To be in the now is a popular desire. We live fast paced lives, taking our breaks on social media and checking our devices right up until the moment we go to sleep. So how can we slow down, bring a sense of peacefulness into our lives and reconnect with the space within in order to live mindfully in the space without?
The answer that has come to us is: Be in the now.
The great news is we are always in the now. Whether we are focused on the past or the future or caught up with our thoughts about things we haven’t done, need to get done, want to do, wish we didn’t do, all of it is happening in the now. So if the answer isn’t to be in the now because this is a given, what do we really want?
What we really want is to be present to the now.
Many times when guides, teachers, practitioners try to help us get present, they direct us to our breath. We are told to pay attention to our breathing as we inhale and exhale, drawing our attention away from our minds and into our bodies. Out of our thinking and into our being.
This is good advice for becoming present because it is always about where our thoughts are in the moment and whether we are remaining present to the now as they flow through our minds or getting dragged along with them to some other place and time.
If we think of our thoughts as water, they are sometimes trickling like a gentle stream and sometimes gushing like a river. Whatever they are doing, quiet or loud, we do have the ability to remain present to the moment we are in, rather than float or rush along with them.
Wishing to be in the now is indicative of how caught up in our thinking we are in any moment. If we have forgotten where we are, we are truly not present.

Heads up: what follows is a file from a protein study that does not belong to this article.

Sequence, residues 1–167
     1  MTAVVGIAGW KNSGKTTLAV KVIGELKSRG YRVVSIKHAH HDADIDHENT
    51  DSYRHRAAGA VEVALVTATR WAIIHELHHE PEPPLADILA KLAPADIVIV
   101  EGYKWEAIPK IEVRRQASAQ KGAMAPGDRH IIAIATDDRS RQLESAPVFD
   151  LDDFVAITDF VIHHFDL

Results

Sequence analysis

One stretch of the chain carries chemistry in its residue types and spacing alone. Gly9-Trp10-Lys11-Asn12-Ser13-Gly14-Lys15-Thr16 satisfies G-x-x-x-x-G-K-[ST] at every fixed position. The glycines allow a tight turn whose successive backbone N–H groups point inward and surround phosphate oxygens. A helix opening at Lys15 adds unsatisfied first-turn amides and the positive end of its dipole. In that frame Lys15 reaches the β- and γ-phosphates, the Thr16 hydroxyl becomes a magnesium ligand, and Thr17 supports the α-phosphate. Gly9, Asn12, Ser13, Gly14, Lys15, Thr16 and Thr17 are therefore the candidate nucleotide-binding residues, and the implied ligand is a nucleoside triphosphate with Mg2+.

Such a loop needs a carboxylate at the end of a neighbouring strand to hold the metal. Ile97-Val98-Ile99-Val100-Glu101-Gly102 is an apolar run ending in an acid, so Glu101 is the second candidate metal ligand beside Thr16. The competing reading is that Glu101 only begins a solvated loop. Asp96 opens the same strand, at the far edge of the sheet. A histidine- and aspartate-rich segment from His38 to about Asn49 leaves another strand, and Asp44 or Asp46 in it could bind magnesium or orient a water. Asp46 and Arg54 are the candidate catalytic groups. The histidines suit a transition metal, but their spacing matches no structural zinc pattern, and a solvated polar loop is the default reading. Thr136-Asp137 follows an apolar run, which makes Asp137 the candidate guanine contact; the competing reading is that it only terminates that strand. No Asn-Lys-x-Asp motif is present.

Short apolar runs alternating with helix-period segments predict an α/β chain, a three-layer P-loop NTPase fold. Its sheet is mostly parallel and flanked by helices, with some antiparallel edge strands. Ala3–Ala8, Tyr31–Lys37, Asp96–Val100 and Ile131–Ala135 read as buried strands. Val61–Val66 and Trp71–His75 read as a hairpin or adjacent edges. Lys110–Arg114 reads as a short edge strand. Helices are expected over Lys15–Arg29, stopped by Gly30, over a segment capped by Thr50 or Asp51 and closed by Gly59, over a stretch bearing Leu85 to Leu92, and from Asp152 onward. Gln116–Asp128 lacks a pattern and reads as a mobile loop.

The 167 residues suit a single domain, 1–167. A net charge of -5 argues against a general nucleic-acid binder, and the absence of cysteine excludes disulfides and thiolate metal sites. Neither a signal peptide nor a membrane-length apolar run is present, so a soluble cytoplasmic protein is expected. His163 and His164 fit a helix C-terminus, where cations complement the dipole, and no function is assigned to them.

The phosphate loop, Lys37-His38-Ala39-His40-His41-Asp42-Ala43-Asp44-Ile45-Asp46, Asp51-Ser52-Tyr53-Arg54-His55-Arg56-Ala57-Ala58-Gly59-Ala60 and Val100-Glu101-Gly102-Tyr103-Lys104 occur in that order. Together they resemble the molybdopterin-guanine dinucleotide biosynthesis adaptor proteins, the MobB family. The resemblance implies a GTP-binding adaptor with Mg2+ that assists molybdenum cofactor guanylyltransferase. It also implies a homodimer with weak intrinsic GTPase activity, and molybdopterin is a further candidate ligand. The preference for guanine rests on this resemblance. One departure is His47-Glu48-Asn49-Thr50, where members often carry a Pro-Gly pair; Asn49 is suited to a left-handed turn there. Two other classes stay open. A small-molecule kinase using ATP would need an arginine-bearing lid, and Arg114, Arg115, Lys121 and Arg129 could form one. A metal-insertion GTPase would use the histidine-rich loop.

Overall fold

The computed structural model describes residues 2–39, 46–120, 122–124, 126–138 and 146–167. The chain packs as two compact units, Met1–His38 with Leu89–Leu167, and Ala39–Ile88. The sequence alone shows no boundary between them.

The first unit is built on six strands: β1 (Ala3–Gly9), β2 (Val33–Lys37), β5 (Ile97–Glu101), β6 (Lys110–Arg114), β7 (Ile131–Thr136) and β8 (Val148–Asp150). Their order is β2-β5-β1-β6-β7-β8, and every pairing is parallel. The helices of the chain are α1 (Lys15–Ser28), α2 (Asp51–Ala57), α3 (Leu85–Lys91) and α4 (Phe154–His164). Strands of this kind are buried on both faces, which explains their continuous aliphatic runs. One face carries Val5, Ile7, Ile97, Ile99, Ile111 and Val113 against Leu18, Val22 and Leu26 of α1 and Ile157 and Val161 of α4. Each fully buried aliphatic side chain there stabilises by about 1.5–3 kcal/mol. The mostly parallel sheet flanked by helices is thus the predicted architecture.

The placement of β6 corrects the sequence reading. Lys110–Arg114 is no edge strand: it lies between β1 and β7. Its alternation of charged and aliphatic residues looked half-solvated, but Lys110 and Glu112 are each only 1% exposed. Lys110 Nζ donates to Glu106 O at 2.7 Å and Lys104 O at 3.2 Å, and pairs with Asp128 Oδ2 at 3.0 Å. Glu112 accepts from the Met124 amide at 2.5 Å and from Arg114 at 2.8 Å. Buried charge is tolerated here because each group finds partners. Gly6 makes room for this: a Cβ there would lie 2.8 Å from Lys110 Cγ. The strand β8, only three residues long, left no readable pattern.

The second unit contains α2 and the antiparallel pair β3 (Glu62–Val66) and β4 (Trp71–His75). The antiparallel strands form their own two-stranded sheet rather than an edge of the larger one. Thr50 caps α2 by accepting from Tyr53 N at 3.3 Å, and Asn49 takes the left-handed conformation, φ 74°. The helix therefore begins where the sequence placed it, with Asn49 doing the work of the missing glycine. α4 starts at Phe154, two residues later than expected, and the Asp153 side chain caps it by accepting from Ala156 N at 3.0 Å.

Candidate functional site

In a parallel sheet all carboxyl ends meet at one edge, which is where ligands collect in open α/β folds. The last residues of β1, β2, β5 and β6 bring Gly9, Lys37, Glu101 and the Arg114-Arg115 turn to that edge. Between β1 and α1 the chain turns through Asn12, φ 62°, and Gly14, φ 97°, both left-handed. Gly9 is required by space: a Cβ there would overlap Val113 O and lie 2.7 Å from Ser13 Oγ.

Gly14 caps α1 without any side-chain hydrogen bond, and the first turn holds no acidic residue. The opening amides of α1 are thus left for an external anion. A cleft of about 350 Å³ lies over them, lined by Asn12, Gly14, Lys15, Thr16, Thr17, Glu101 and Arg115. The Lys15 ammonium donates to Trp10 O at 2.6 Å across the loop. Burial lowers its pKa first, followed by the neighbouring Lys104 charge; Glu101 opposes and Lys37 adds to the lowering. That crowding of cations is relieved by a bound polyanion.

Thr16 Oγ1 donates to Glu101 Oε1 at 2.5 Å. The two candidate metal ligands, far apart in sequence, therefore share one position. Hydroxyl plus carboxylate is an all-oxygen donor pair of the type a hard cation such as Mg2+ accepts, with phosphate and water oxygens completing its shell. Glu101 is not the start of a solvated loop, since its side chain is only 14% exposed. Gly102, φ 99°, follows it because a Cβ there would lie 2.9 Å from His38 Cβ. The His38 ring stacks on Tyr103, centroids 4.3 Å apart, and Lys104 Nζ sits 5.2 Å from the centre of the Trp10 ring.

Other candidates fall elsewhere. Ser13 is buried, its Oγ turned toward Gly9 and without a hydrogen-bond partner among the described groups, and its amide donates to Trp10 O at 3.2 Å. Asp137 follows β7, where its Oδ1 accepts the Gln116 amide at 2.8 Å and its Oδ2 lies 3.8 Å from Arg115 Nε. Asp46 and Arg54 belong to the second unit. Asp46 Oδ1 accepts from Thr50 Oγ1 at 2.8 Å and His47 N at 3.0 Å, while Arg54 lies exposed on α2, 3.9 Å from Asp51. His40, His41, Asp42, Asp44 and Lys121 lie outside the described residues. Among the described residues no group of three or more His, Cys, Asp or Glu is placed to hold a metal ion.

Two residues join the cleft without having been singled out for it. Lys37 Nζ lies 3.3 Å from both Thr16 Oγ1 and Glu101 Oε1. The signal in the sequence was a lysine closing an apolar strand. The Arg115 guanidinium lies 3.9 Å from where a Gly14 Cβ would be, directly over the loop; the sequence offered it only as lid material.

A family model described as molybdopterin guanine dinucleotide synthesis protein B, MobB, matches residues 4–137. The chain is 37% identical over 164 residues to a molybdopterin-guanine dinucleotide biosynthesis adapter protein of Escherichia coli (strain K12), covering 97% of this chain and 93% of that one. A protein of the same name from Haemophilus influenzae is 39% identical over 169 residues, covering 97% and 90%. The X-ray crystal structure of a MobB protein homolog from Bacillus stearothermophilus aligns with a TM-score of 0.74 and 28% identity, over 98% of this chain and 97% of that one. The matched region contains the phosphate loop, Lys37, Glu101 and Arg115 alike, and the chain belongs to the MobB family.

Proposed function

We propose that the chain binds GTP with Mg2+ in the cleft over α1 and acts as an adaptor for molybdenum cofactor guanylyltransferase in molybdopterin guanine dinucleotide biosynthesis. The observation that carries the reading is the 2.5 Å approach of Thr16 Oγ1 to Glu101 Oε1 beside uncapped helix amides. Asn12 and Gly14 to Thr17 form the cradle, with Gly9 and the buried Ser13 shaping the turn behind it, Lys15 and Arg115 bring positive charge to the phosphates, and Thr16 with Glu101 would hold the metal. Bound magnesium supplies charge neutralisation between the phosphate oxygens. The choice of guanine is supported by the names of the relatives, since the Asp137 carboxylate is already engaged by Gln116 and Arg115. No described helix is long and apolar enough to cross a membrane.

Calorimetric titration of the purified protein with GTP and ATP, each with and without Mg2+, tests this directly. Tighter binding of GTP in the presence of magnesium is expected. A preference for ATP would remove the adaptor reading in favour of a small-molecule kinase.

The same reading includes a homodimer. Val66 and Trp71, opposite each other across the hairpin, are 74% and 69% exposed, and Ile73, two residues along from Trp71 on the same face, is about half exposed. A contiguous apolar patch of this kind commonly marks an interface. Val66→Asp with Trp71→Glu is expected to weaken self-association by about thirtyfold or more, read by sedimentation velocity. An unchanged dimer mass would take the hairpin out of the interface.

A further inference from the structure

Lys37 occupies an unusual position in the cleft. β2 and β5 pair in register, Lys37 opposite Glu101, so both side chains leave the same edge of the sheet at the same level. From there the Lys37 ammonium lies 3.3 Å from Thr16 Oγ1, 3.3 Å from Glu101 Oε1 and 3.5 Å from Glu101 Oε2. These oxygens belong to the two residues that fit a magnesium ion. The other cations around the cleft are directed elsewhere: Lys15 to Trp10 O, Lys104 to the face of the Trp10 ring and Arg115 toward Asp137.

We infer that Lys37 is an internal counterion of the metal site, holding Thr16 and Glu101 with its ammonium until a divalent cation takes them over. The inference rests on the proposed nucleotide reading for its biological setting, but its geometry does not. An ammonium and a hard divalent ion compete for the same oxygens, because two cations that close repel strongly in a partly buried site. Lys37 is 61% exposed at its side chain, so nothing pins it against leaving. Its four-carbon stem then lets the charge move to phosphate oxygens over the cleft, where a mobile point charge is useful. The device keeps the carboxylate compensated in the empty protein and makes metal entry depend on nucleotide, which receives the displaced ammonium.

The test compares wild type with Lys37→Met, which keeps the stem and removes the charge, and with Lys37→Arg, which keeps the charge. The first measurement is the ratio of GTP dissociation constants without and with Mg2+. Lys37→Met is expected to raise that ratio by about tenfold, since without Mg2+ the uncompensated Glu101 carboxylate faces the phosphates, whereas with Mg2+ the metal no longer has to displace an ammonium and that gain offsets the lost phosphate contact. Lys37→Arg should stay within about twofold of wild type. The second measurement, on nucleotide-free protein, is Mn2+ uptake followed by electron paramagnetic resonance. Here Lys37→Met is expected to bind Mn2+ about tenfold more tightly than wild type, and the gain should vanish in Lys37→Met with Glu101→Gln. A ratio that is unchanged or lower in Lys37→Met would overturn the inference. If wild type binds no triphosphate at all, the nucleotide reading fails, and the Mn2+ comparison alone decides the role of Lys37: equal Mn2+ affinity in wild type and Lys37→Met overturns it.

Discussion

Taking a moment to breathe deeply, look at where we are physically in the world, connect with the space around us, the body that houses us and the breath that lives us is a helpful way of waking up to the present moment. If we engage with the world this way for a few moments, at some point we start to notice our thinking leading the way again. This is normal and OK but it is helpful if we are aware of it happening and notice the way that our feelings and focus shift as it occurs.
There is an increasing case of overwhelm happening in modern day life and overwhelm is not the same as being busy. Many busy people are successful at remaining present, keeping their eye on the ball and managing multiple things at once. Overwhelm occurs when our thoughts about being busy distract us from being present, confuse us by telling us we are not in the now and lead us to feel as if we have no time, no space and no chance of peace or stillness in our day.
Taking the time to bring our awareness to the present can cut through the fog in our minds and lead to clarity and insight about how best to get things done and find time in our day to increase a sense of space and wellbeing.
Sometimes not being present is about feeling that we don’t like the present moment. We wish we were elsewhere or doing something different or not facing an issue or challenge. Yet again, our thoughts are creating our experience and only beyond them, in our connection to the present moment is the capacity for peace and understanding that will help us to accept our current situation. This is how we get clear enough to take helpful action or make positive change in our lives and this happens when we wake up to the present and connect to it rather than wishing it away.
We are consciousness with the gift of thought moving around in bodies made of spinning vortexes of energy. Life is a miracle. Every time we come alive to this truth we are present, connected with our wellbeing and fortified for our lives in the outside world.
We are always in the now. This is a given. Being present to this fact beyond the distraction and confusion of our thoughts and intellect connects us to the wonder and potential of the moment and our limitless ability to experience peace and stillness. Being present to the now allows us to engage with life differently and live in a fast paced world with grace, a sense of space and peace within.
Header image: Echo d’une odysee, Sylvie Adams